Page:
The Guideline has two sections. In the first part, there are four general principles about the use of technology in international arbitration. In the second part, there is specific guidance about best practice to ensure online safety and protection of data.

The four general principles are:

  • arbitrators should identify the extent to which they have powers and duties in relation to the use of technology in an arbitration
  • where arbitrators must decide on the use of technology in an arbitration, they should consider whether the proposed use is proportionate in all the circumstances
  • any technology used for common purposes in an arbitration must not undermine the fairness of the process and must be transparent
  • participants should take appropriate steps to ensure that the technology used in an arbitration remains secure and stable.

These are of course overarching principles, and accompanying each principle in the Guideline there is detailed commentary on how they might be put into practice. This commentary might be most useful to practitioners because it gives practical guidance; equally, while the principles will probably remain constant over time, the commentary is likely to be revised in successive editions of the Guideline to reflect the introduction of new technologies and changing attitudes across society about what is appropriate in the use of technology.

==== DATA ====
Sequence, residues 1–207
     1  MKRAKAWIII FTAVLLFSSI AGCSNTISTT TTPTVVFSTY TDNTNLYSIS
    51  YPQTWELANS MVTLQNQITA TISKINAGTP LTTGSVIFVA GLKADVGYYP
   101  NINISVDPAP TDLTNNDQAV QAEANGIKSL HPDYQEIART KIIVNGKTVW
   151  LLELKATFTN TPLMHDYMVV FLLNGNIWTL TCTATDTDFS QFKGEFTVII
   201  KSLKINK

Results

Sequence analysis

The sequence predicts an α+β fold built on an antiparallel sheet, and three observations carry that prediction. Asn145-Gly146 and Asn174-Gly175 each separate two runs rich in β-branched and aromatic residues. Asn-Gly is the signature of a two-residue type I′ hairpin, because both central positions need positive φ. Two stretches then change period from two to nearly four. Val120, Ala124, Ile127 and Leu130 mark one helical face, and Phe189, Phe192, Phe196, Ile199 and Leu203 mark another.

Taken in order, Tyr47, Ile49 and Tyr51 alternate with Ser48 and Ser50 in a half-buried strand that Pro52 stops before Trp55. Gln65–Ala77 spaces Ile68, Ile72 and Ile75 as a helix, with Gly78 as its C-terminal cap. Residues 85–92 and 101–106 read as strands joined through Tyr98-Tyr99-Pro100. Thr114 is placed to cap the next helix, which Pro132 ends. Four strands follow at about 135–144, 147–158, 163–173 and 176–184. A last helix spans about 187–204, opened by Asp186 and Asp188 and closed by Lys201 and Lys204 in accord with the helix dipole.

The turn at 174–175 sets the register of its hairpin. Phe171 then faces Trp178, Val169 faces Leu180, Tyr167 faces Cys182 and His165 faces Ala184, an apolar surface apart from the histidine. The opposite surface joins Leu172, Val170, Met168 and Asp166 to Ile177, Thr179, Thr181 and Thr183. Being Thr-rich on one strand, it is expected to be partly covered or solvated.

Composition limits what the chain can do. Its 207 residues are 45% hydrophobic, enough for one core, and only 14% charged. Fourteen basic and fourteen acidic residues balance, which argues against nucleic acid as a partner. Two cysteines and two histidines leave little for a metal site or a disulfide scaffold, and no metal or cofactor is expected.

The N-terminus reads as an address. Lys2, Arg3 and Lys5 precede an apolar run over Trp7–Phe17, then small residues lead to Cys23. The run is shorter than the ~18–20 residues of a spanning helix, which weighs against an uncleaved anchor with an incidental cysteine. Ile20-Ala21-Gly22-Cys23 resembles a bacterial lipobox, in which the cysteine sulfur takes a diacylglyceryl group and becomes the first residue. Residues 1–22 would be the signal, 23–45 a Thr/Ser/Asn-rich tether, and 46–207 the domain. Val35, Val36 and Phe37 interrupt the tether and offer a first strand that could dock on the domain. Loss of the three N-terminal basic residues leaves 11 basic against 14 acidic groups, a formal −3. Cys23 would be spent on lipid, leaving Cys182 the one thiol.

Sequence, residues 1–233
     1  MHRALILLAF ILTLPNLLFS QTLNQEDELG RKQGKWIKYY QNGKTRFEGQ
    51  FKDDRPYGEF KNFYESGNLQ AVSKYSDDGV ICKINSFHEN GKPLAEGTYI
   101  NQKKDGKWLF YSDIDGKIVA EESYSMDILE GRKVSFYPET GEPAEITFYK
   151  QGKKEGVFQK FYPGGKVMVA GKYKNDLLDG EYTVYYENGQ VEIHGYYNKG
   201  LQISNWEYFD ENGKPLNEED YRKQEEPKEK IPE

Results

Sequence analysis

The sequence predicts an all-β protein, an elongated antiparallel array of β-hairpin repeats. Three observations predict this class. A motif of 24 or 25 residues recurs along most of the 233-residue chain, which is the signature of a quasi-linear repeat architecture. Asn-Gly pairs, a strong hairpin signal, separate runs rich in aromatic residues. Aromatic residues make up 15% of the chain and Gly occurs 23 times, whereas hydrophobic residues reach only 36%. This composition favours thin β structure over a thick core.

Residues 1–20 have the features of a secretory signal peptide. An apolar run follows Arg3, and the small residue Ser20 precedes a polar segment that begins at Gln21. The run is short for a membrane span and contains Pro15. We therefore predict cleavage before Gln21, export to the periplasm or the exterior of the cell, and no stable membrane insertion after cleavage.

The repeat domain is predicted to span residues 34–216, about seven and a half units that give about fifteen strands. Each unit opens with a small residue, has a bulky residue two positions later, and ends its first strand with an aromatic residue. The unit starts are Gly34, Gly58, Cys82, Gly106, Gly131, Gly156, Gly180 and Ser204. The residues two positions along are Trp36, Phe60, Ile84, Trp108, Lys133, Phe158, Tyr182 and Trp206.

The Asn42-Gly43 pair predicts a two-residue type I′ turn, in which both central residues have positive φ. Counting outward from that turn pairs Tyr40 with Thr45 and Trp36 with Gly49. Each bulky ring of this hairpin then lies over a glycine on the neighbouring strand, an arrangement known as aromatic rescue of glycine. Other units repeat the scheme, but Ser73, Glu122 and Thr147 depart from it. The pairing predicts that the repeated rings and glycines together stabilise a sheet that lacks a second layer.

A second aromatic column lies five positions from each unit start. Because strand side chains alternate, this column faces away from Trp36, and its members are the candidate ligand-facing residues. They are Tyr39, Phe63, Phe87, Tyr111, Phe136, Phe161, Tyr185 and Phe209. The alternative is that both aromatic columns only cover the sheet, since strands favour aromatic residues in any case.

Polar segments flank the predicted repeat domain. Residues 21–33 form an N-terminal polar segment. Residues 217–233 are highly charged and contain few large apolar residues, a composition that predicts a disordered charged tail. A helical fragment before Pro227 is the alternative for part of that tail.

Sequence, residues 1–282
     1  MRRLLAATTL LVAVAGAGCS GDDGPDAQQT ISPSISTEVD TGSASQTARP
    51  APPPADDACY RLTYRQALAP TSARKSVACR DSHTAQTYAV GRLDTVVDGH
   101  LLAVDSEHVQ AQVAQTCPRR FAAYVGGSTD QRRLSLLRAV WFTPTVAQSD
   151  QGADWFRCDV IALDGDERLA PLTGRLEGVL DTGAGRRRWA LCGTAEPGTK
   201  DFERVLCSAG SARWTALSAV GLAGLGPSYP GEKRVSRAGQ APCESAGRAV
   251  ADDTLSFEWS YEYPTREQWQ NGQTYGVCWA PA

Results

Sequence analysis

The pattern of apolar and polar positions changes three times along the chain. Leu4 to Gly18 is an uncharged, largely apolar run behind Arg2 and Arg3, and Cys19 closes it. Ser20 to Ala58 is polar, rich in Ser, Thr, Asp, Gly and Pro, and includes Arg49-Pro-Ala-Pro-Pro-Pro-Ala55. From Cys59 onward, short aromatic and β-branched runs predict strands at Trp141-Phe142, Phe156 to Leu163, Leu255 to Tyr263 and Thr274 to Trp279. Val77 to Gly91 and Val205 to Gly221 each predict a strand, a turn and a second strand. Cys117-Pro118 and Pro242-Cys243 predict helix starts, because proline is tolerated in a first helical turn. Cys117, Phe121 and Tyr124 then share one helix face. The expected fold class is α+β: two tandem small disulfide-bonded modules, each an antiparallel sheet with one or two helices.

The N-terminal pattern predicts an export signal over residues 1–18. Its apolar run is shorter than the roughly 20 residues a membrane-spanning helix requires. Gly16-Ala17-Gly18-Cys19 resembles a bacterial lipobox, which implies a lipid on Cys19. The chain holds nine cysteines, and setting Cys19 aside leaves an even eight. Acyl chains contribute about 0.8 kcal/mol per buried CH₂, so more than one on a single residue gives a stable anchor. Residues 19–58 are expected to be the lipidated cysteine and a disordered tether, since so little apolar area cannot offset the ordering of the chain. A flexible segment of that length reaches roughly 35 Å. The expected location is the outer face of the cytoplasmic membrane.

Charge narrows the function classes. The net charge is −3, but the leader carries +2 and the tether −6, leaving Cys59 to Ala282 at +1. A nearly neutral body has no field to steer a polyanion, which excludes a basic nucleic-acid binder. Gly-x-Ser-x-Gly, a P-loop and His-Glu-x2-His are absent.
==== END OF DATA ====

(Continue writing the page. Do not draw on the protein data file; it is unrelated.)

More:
The first principle (arbitrators’ powers and duties) is followed in the Guideline by a discussion of the sources of these powers and duties, and how far arbitrators’ powers might extend, particularly to cover not only technology which is in common use in an arbitration such as the platform used for an online hearing, but also technology which is used by one party alone: for example, where technology in private use might compromise the confidentiality of the arbitration as a whole.

The second principle (proportionate use of technology) encourages arbitrators to consider the particular circumstances of the parties in an arbitration (including the extent to which the parties can access and easily use technologies), and the cost and impact of technologies. Arbitrators must take these factors into account when they make a decision about the use of technology in an arbitration.

The third principle (fair and transparent use of technology) looks at the impact of technology on the process of an arbitration, and how technology can sometimes create unfairness: for example, online hearings may entail parties joining at different times of the day or night, with different impacts on their levels of concentration. This principle also encourages transparency in the use of technology by arbitrators: particularly if they use technology which is outside the normal expectations of parties and which might derogate from the arbitrators’ duty to apply their minds to the submissions of the parties when reaching their decision in a case.